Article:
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The Frick Collection was one of Barkley's favorite museums. He would have been thrilled that his portraits will hang in conversation with the Old Masters who had such an influence on his technique.

Nasher Museum Director Trevor Schoonmaker, who organized the first career retrospective of Hendricks's paintings at the Nasher Museum in 2008 and also edited the accompanying 144-page catalogue, Barkley L. Hendricks: Birth of the Cool.

Transcript

[On-screen question: What keeps you interested in a canonical painter like Rembrandt?]

Barkley L. Hendricks
It’s like good music! I mean, you can be replenished every time you hear it.

Same thing with great visuals. Rembrandt is a superb and noble visualist. I say noble — he paints people with nobility and there’s a range of people that are somewhat limited by the time he was painting. We spoke of it earlier and you asked a very important question as to people of color. Weren’t there any — we were talking about Velázquez earlier — at the time?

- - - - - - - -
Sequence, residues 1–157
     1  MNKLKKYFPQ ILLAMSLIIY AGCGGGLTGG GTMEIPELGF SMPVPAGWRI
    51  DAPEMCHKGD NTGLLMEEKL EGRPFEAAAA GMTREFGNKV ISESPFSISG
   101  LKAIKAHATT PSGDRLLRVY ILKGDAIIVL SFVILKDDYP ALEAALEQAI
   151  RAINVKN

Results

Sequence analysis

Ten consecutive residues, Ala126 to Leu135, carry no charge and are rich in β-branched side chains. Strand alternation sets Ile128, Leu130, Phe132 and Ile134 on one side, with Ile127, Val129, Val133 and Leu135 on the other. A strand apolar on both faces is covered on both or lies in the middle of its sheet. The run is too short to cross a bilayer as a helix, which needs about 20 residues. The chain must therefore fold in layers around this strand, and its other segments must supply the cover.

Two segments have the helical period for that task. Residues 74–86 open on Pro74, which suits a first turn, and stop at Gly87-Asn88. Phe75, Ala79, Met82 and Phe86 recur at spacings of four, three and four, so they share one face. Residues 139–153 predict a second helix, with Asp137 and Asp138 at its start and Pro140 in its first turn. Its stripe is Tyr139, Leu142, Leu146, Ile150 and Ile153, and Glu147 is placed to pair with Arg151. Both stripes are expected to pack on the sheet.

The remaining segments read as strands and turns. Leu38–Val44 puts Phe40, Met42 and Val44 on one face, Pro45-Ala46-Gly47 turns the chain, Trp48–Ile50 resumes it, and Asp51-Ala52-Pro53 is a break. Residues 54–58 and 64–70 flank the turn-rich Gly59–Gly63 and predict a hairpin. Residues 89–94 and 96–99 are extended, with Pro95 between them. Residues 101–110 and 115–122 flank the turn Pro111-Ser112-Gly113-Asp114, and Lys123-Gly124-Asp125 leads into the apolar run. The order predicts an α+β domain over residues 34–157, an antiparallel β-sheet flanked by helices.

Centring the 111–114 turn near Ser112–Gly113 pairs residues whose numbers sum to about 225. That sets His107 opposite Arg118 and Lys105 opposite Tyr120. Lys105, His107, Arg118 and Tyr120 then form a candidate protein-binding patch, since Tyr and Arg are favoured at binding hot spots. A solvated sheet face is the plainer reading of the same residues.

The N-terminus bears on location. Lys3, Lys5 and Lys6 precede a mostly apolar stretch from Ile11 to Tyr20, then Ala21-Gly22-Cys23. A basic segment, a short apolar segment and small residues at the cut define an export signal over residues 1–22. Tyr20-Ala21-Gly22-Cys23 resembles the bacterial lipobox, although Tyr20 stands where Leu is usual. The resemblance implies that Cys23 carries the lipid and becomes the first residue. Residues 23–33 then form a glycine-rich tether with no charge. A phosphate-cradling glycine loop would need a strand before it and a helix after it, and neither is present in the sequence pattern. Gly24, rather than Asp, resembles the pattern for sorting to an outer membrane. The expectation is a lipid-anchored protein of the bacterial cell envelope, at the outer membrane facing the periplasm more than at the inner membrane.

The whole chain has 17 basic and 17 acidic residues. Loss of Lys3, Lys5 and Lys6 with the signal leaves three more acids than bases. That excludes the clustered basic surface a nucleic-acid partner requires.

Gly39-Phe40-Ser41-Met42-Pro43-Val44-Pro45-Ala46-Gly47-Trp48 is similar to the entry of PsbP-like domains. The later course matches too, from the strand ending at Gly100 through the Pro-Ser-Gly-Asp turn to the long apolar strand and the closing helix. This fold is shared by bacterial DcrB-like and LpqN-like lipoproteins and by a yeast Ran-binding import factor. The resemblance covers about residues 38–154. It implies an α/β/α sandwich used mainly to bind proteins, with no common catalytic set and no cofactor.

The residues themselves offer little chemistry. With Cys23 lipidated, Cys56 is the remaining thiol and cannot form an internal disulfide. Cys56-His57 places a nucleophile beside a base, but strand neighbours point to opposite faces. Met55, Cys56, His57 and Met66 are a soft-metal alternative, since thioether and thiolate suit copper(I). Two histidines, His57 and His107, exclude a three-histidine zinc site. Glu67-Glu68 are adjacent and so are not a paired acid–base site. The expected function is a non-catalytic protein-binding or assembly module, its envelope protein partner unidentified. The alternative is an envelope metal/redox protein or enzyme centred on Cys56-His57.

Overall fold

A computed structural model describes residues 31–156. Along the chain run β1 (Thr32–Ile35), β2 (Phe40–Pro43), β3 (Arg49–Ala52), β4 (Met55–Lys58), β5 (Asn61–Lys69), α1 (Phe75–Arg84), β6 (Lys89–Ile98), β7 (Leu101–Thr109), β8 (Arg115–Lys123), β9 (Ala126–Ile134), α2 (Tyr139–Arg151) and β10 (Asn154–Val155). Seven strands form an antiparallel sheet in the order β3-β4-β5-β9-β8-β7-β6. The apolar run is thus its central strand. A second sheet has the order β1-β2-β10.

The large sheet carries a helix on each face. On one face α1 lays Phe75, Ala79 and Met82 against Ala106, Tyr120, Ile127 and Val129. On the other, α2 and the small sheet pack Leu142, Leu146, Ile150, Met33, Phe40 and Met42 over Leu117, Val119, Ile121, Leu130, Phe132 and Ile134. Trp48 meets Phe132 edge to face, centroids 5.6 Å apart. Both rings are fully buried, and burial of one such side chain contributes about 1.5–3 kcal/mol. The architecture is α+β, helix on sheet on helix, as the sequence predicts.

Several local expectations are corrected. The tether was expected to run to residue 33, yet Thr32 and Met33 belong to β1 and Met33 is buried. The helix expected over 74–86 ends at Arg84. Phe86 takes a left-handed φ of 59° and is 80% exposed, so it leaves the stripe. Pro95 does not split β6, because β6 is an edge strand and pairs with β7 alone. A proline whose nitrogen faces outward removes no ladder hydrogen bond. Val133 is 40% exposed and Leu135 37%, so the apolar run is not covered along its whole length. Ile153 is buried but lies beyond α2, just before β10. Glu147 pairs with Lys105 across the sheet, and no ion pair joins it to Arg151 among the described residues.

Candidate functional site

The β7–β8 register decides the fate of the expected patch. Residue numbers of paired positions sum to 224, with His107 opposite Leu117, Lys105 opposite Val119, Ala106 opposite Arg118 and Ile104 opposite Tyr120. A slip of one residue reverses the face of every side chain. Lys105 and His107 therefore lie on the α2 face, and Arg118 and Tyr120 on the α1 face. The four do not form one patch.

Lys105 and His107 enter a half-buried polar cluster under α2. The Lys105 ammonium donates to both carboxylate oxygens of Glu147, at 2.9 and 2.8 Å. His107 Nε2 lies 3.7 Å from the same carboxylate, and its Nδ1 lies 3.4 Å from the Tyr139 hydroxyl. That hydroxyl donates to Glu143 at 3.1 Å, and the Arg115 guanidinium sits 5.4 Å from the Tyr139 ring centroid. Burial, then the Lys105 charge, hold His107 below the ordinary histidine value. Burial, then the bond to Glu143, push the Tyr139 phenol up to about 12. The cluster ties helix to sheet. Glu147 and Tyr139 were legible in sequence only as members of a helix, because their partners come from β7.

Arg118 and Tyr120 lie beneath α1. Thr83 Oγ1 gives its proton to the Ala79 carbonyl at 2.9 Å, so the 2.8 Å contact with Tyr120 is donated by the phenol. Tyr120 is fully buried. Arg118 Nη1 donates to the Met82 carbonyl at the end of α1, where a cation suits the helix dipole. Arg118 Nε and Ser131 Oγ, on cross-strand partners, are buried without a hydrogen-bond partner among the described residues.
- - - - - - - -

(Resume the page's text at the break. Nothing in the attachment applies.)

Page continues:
And I answered that question by saying, yeah, if you went down to the waterfront and looked at who was loading the barge and lifting the bales you would find. But Rembrandt was dealing with the monied folks of Holland.

[On-screen question: Why does “Interior with Saskia in Bed” resonate with you?

Well after visiting [Rembrandt’s] house in Amsterdam several times, we noted that the architectural scale was for small people. There were no double king-sized beds. There were narrow stairways and the scale of people was quite obviously small.

 

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